STREET TYPES & HIERARCHY

PEDESTRIAN ROUTES

Street access to the site is vital for pedestrians, businesses, and Royal Mail. Underground space beneath the buildings will be utilised as a service entrance or parking area for Royal Maila and future commercial businesses. Although the new design is focused on pedestrians, it is essential to take into consideration the demand for disability parking and commercial service space. The primary routes are intended to be shared with cyclists, while bicycle parking will be placed on the secondary routes for the convenience for residents and visitors in the area.

Unlike most masterplan design, this unique plan was designed as a result of the need for new pedestrian junctions. The variety of pedestrian routes create a connection between the existing structures and each new building within the plan. A key element in the design pattern is North, South, East, West connectivity that contributes to the character of the area. This connectivity is achieved by a web pattern throughout the site providing various nodes of accessibility. The pedestrian routes between each building structure is designed with a clear legibility and easy to reach access.

2 Mount Pleasant


FINAL MASTERPLAN site area 35,300m2 total plot area 15,260m2 43% gross floor area 96,448m2

63,182m2 (25% for circulation)

residential total floor area 438,66m2 (70%) commercial floor area 188,00m2 (30%)

770 1 bedroom: 253 50m2 2 bedroom: 433 70m2 3 bedroom: 84 90m2 population density: 388 people/Ha residential density: 218 units/Ha

2 Mount Pleasant


FINAL MASTERPLAN

2 Mount Pleasant


THE PROJECT CONTEXT

The study area located in the

Semi-public Spaces

north of Canary Wharf. This is an area where social inequality in London becomes visible. On the south side of the highway and the DLR, one of the major financial districts in Europe, and on the north side, an area with social housing and low-income households. The arrival of the Crossrail and the regeneration schemes are some of the challenges that the area will face in the next few years. This is an area in the process of transformation and the approach for intervening in these area will influence whether the changes are for a fairer, more inclusive and sustainable future or not.

Private Spaces Public Spaces

POTENTIAL FOR POPLAR Public spaces identified on the map are potential sites for Popganic gardens to be established in the future, should demand in the area grow. Poplar has an abundance of open spaces which can be used for growing crops.

3 Popganic Garden


PROPOSAL NANKIN STREET

Nankin Community Garden is located in the western side of Poplar,and within it is some neglected space with potential. The neglected space can potentially be made into a community garden, because of its location between two rows of housing facing the space. This is hoped to attract residents to participate in the development of the community garden. The garden is dedicated to growing vegetables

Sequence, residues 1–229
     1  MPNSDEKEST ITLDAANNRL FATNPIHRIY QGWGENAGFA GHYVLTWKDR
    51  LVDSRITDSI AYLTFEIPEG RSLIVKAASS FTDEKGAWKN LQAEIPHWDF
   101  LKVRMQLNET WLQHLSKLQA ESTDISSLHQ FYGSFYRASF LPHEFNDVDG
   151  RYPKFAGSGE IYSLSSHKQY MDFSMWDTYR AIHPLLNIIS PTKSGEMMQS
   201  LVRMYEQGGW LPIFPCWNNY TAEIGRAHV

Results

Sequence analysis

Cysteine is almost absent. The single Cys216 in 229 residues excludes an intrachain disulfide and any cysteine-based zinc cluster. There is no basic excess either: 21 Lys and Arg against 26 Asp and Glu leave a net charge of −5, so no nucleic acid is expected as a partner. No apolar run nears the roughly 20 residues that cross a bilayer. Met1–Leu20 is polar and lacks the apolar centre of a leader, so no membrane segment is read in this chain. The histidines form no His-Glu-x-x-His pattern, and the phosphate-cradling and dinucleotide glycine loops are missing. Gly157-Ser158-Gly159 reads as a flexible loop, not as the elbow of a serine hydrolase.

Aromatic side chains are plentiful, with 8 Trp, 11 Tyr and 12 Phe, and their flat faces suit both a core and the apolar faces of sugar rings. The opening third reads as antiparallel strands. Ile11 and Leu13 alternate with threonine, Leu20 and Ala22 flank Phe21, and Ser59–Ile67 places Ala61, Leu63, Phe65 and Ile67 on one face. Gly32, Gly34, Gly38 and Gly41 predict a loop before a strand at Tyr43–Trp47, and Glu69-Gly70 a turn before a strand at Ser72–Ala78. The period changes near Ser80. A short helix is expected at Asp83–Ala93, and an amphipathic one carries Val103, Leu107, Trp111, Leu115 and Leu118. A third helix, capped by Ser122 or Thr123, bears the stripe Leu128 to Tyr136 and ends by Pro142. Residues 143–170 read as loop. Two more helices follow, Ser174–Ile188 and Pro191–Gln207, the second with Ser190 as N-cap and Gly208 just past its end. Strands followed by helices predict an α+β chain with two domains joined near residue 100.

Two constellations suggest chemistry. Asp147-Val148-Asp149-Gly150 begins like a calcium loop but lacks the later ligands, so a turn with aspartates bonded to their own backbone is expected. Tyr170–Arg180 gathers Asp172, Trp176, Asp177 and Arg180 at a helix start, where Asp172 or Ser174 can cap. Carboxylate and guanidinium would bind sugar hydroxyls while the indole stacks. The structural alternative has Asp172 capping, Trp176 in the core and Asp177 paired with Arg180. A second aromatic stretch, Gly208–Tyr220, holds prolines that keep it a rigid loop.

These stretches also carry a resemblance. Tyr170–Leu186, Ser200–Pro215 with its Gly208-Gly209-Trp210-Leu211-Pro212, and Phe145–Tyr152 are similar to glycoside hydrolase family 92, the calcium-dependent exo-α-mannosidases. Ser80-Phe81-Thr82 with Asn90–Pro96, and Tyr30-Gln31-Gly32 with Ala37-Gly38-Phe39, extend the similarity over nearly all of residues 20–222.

and some herbs. The design of this garden utilizes boxes to house the plants. The community will able to manage the boxes and plants according to their needs and desire.

3 Popganic Garden


PROPOSAL CHRISPS MARKET PAVILION

The boxes are arranged in a way that they can be used as a place for learning and recreation

This area will have vegetations produced by Poplar’s community garden

Chrisp Market Pavilion will be located in the western side of Chrisp Market. Chrisp Market will function as a central area that connects to the proposed community garden. Residents will have the opportunity to sell the produce they grew at the community garden in the weekend market, so Chrisp Market plays an important role. The idea to build a pavilion is aimed to facilitate the community and outsiders to learn about what plants are grown at Poplar, and how to grow them. This pavilion also functions as public art to engage residents to play and learn, so it is hoped that the knowledge about this community garden will not stop at just one generation but will continue on to the next. This area will provide information on how to grow plants inside the boxes

3 Popganic Garden


MASTER PLAN GREEN ROUTES

Chrisp Market Pavilion will be located in the western side of Chrisp Market. Chrisp Market will function as a central area that connects to the proposed community garden. Residents will have the opportunity to sell the produce they grew at the community garden in the weekend market, so Chrisp Market plays an important role. The idea to build a pavilion is aimed to facilitate the community and outsiders to learn about what plants are grown at Poplar, and how to grow them. This pavilion also functions as public art to engage residents to play and learn, so it is hoped that the knowledge about this community garden will not stop at just one generation but will continue on to the next.

3 Popganic Garden


THE PROJECT CONTEXT Choose an area / neighbourhood

in central or inner London, study and experience its urban fabric and public spaces in regards to Layout: urban structure and urban grain and Character and sense of place.

The project will begin by examining each concept individually. Firstly, explore the emergence of the discourse, and elucidate key definitions and concepts. Then, key debates within the literature will be highlighted. Lastly, methodologies used to explore the concept are discussed. Prominent themes and methodologies highlighted within the literature will then be used to formulate a toolkit. This toolkit will act as the foundation for our site analysis and comparison. We will explore and analyse both concepts, and their relationship with one another, using the case studies of Bank and Fitzroy Square.